¶ 96 T.B.'s due process arguments — both procedural and substantive — assume that lifetime sex offender registration for repeat juvenile sex offenders rests on an irrebuttable presumption of "ongoing, lifetime recidivism." See In re R.M., No. 666 EDA 2014, 2015 WL 7587203, at *25 (Pa. Super. Ct. Feb. 13, 2015) ("[A]n irrebuttable presumption claim generally challenges both the statute, i.e. the substance, and the procedure employed by the statute."). This assumption does not survive scrutiny. ¶ 97 True enough, "[s]tatutes creating permanent irrebuttable presumptions have long been disfavored under the due process clauses of the Fifth and Fourteenth Amendments to the United States Constitution." People in Interest of S.P.B., 651 P.2d 1213, 1217 (Colo. 1982). And when an irrebuttable presumption has been used, the "most common remedy applied is requiring the decision maker to permit rebuttal and thus to allow exceptions to general rules." Id. ¶ 98 But in S.P.B., our supreme court explained that a "threshold requirement for invocation of this remedy" is that the "case must be appropriate for review under a heightened standard of scrutiny." Id. In other words, again a fundamental right or liberty interest must be at stake. ¶ 99 This threshold requirement was met in In re J.B., 107 A.3d 1, 19 (Pa. 2014), on which T.B. relies. There, the court explained that in Pennsylvania, "juvenile offenders have a protected right to reputation." Id. Unsurprisingly, given this right, the court held that sex offender registration based on a "presumption of recidivism" violates juvenile offenders' due process rights. Id. at 19-20. But as explained above, Colorado does not recognize reputation as a fundamental right or a liberty interest. ¶ 100 Even if Colorado did recognize such an interest, however, lifetime sex offender registration under CSORA is not based on an irrebuttable presumption of future recidivism. Rather, it is based on demonstrated past recidivism — juveniles who have been adjudicated of more than one sex offense. See Doe v. Moore, 410 F.3d 1337, 1342 (11th Cir. 2005) ("Appellants argue that the Sex Offender Act violates substantive due process by creating an irrebuttable presumption of dangerousness," but "the Sex Offender Act here does not turn on the dangerousness of the offender, merely the fact that he or she was convicted."). ¶ 101 CSORA does not say anything about a juvenile's risk of recidivism or the juvenile's current level of dangerousness. To the contrary,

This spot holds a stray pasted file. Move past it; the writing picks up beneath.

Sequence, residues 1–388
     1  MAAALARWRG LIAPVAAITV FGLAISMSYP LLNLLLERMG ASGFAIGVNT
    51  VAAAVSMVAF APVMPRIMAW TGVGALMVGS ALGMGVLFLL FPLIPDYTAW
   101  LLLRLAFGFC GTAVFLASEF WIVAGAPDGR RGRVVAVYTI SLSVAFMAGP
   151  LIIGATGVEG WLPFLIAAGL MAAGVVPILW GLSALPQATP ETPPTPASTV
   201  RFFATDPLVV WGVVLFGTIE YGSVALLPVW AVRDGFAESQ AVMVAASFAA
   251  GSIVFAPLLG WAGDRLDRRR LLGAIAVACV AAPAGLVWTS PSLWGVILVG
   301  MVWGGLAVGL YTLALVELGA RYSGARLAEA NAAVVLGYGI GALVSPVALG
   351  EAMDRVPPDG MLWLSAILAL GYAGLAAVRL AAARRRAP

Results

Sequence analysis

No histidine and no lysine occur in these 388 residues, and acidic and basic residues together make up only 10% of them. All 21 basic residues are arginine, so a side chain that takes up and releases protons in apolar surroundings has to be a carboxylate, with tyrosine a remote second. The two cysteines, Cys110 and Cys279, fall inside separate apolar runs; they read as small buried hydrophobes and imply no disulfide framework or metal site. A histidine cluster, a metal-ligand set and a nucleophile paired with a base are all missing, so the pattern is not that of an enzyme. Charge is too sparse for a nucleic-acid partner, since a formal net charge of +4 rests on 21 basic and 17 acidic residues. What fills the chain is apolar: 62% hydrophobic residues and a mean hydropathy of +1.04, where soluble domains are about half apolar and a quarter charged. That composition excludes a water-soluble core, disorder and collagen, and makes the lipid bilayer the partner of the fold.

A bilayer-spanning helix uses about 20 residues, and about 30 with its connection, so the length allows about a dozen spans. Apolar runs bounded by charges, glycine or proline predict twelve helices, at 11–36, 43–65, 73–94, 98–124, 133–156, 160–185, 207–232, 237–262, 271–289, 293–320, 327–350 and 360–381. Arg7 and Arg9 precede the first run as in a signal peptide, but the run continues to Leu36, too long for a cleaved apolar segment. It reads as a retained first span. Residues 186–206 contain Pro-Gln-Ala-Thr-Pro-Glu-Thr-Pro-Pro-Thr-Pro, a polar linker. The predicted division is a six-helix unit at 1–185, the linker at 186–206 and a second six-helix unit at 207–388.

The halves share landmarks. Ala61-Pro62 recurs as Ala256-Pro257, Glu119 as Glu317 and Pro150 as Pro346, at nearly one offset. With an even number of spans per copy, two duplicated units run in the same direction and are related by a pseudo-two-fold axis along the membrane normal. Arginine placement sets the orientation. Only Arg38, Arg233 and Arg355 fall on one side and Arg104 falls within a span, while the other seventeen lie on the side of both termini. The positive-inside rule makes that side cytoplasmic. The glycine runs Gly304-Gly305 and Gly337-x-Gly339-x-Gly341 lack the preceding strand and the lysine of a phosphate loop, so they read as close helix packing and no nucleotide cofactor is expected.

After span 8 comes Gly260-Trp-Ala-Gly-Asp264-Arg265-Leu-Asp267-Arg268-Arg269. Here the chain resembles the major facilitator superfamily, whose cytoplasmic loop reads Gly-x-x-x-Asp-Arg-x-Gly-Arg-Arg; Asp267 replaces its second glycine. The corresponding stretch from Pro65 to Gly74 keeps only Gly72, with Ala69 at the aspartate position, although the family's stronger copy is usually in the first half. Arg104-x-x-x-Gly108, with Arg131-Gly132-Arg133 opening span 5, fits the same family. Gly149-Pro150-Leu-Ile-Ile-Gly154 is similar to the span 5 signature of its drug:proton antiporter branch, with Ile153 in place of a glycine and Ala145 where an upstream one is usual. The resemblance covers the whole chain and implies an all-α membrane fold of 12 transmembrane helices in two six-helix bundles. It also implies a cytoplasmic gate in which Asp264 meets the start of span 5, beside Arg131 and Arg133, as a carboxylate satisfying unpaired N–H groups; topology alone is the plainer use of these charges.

[t]he Colorado sex offender registry includes only those persons who have been required by law to register and who are in compliance with the sex offender registration laws. Persons should not rely solely on the sex offender registry as a safeguard against perpetrators of sexual assault in their communities. The crime for which a person is convicted may not accurately reflect the level of risk.